What is asset stripping?
Asset stripping is what happens when a company is bought not as a going concern but simply for the profit that can be made on the sale of its assets. These can take the form of land, machinery, property, inventory and securities but also intellectual property such as patents or licences.
Where have you heard about asset stripping?
Accusations of asset stripping are common in the aftermath of a corporate takeover when parts of the operation are sold at a profit. The 'corporate raiders' of the Eighties were often portrayed as asset strippers. Their most famous fictional depiction was Michael Douglas' character Gordon Gekko, in the 1987 film Wall Street.
What you need to know about asset stripping.
Asset strippers seek out undervalued corporate assets that can be sold for a profit. Sometimes they are undervalued because the company’s auditor has not updated its estimate of the assets’ true worth. Sometimes it is because they have been valued on the basis that the company will continue as a going concern, so the assets concerned will not be available for sale.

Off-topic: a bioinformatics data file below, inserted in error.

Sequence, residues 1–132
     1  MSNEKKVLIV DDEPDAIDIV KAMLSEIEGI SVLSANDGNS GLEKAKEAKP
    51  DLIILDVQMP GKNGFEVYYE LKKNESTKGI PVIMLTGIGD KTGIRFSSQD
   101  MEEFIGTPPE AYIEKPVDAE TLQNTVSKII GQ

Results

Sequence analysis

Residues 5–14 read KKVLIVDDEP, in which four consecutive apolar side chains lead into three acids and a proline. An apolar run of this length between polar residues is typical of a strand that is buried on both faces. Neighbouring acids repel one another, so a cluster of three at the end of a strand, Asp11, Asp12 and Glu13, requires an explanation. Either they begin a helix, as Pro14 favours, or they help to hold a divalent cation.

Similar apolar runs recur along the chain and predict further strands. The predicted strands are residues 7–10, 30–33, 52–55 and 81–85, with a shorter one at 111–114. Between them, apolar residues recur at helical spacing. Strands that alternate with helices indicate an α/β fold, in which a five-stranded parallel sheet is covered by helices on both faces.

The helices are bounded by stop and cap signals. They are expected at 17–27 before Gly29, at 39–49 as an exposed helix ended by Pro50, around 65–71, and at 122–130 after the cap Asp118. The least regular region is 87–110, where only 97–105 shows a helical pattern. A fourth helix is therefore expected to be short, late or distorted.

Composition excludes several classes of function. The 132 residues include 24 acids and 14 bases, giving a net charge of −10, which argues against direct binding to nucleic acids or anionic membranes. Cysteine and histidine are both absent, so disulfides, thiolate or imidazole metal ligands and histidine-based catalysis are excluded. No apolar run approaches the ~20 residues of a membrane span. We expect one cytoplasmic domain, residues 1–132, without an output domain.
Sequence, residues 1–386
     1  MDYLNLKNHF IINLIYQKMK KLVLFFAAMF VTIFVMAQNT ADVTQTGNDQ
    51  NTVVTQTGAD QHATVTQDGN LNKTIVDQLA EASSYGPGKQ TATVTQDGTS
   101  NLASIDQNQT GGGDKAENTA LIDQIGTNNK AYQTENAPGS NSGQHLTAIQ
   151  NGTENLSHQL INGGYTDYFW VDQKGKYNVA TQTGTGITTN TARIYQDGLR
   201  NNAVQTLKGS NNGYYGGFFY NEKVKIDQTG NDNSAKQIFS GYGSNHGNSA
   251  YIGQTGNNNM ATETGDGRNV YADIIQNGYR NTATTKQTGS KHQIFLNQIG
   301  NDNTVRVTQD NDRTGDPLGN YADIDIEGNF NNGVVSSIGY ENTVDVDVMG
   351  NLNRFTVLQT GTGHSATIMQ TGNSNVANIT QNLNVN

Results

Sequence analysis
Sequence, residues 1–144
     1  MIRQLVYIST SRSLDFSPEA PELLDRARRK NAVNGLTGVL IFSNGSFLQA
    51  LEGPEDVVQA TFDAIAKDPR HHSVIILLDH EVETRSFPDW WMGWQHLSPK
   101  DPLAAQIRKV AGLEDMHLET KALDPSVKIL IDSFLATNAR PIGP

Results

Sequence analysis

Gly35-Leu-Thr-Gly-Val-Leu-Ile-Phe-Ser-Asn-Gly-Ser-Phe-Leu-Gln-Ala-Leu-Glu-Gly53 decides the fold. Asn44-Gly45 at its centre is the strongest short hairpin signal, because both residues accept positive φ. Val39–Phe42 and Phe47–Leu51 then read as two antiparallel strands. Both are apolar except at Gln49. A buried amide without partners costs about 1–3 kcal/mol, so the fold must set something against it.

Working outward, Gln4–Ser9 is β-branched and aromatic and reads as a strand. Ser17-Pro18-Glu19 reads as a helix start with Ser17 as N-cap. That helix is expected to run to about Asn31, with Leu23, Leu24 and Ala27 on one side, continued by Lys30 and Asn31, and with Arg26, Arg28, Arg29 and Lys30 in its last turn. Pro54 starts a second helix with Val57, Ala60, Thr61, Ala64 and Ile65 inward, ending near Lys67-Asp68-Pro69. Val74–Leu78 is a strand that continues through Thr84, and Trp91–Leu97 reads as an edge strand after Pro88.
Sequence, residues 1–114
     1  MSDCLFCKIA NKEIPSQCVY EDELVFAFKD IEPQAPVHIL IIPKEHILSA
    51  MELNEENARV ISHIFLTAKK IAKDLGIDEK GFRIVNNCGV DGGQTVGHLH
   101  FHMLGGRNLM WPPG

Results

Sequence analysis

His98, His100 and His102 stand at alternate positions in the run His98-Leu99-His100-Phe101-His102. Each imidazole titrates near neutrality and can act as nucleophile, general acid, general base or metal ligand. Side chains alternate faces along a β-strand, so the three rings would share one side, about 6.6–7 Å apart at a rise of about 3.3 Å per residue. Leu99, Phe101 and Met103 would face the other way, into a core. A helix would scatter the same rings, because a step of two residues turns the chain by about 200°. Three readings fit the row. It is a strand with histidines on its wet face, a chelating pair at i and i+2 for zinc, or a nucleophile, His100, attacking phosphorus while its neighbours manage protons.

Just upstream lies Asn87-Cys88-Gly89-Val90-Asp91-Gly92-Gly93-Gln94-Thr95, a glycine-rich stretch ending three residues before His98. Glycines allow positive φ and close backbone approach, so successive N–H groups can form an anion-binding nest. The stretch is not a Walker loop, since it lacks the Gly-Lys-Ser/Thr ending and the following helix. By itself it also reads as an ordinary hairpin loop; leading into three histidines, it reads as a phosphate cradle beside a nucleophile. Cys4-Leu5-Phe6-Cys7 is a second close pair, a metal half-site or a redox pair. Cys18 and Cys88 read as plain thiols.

Imagine a company called John Doe Inc. that has three completely different businesses: shipping, gyms and furniture. John Doe Inc. is currently valued at $150 million, but a corporate raider, called Vultures Ltd, believes it could sell the three businesses for $70 million each. Vultures Ltd. sees an asset stripping opportunity.
Vultures Ltd. then acquires John Doe Inc. for $150 million and sells the three businesses separately, for a total of $210, thus making a profit of $60 million.
Asset strippers sometimes look for companies where the break-up and sell-off value exceeds their worth as going concerns. Sometimes the term is used inaccurately to describe the process whereby assets are made to work harder by a new owner.
Find out more about asset stripping.
Asset stripping requires detailed examination of a target company's financial reports and balance sheet.
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